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Colorado's average gas price climbs to $3.59 following Ukraine invasion

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Robert Davis | The Center Square contributor

(The Center Square) – The average cost for a gallon of regular gasoline in Colorado has jumped to $3.59 after Russia invaded Ukraine last week, according to data from the American Automobile Association (AAA). 

Colorado’s average price per gallon of gasoline is currently 24 cents below the national average. It's also 90 cents more per gallon now than it was at this time a year ago in the state. 

“An increase in gas demand, alongside a reduction in total supply, is contributing to price increases, but increasing oil prices continue to play a leading role in pushing prices higher,” AAA said in a news release. “Pump prices will likely continue to rise as crude prices continue to climb.”

One reason that gas prices continue to climb is that the war between Russia and Ukraine has pushed the price of crude oil to more than $110 per barrel, the highest price seen since May 2011, AAA said.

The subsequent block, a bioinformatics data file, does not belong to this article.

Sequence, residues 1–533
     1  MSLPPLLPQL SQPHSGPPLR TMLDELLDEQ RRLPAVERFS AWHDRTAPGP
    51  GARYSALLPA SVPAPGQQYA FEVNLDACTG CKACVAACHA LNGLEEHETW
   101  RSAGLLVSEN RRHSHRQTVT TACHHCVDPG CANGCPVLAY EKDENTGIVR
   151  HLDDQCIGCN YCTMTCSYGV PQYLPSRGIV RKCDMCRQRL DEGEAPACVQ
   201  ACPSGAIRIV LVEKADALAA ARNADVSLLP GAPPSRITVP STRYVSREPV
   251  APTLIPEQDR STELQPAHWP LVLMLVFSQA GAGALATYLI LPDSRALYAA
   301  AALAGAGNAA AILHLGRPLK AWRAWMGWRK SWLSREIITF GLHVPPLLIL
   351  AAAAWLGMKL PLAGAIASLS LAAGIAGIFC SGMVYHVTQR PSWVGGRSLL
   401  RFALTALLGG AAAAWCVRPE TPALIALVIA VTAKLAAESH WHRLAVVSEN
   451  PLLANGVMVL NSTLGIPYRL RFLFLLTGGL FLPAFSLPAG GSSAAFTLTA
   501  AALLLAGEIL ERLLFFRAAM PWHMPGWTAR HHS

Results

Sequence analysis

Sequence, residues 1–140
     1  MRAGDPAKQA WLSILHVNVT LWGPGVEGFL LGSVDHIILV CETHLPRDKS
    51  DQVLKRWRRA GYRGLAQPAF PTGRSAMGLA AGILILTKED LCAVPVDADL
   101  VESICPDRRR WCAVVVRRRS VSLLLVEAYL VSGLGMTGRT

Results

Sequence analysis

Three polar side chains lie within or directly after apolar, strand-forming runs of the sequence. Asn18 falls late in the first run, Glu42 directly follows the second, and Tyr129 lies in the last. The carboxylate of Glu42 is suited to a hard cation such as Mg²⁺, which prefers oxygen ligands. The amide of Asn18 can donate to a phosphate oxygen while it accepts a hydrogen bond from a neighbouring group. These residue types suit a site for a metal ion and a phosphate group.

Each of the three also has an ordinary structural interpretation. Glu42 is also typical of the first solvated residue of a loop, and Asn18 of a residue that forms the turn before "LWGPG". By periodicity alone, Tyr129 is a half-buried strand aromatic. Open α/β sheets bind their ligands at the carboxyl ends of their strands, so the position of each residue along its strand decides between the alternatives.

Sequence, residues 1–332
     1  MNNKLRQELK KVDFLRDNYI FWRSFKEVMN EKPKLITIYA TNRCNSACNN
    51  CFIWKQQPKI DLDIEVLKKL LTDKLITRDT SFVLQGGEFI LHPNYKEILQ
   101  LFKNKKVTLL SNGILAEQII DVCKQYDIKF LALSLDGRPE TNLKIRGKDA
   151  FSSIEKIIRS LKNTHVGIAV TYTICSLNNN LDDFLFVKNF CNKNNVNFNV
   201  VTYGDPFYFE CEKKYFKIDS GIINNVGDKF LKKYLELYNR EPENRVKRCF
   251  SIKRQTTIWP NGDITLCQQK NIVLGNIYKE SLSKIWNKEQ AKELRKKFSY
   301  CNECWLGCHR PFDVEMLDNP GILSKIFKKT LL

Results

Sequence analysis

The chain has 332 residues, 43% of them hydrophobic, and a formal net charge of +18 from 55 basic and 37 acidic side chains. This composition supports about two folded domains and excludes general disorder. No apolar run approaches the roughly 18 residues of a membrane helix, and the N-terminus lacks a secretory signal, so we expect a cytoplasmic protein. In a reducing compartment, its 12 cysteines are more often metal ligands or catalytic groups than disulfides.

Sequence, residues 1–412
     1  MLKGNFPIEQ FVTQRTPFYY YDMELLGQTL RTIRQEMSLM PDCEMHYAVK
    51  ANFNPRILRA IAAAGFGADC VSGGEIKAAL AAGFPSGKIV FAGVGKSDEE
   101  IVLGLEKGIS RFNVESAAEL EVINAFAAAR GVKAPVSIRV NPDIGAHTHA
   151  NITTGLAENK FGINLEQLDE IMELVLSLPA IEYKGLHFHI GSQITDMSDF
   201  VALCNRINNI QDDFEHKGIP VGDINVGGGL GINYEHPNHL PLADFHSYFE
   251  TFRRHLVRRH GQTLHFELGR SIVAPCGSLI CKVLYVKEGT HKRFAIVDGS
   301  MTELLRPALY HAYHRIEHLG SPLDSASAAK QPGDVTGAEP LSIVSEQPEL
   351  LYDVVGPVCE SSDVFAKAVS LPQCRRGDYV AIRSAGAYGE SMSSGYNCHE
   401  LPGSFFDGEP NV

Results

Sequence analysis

The International Energy Agency has tried to counter the effects of the war by coordinating the release of more than 60 million barrels of oil from its 31 member countries. Some of the countries include the U.S., Germany, Canada, South Korea, and Mexico. 

AAA said that half of the release is expected to come from the U.S. even though specific details about the plan have not yet been released. 

However, increasing demand for gas could counteract any additional barrels that flow into the market. According to data from the Energy Information Administration, gasoline demand climbed to 8.74 million barrels per day from 8.6 million the week prior. 

Russia’s contribution to the global market could also hinder the plan to increase crude oil production. Russia currently exports approximately 5 million barrels per day, or 12% of the global production. Additional sanctions on the country could result in higher gas prices, AAA said. 

“A potential ban of crude imports from Russia to the U.S. or other countries will likely cause prices to continue to rise to reflect more risk of disruption to tight global oil supplies,” AAA said.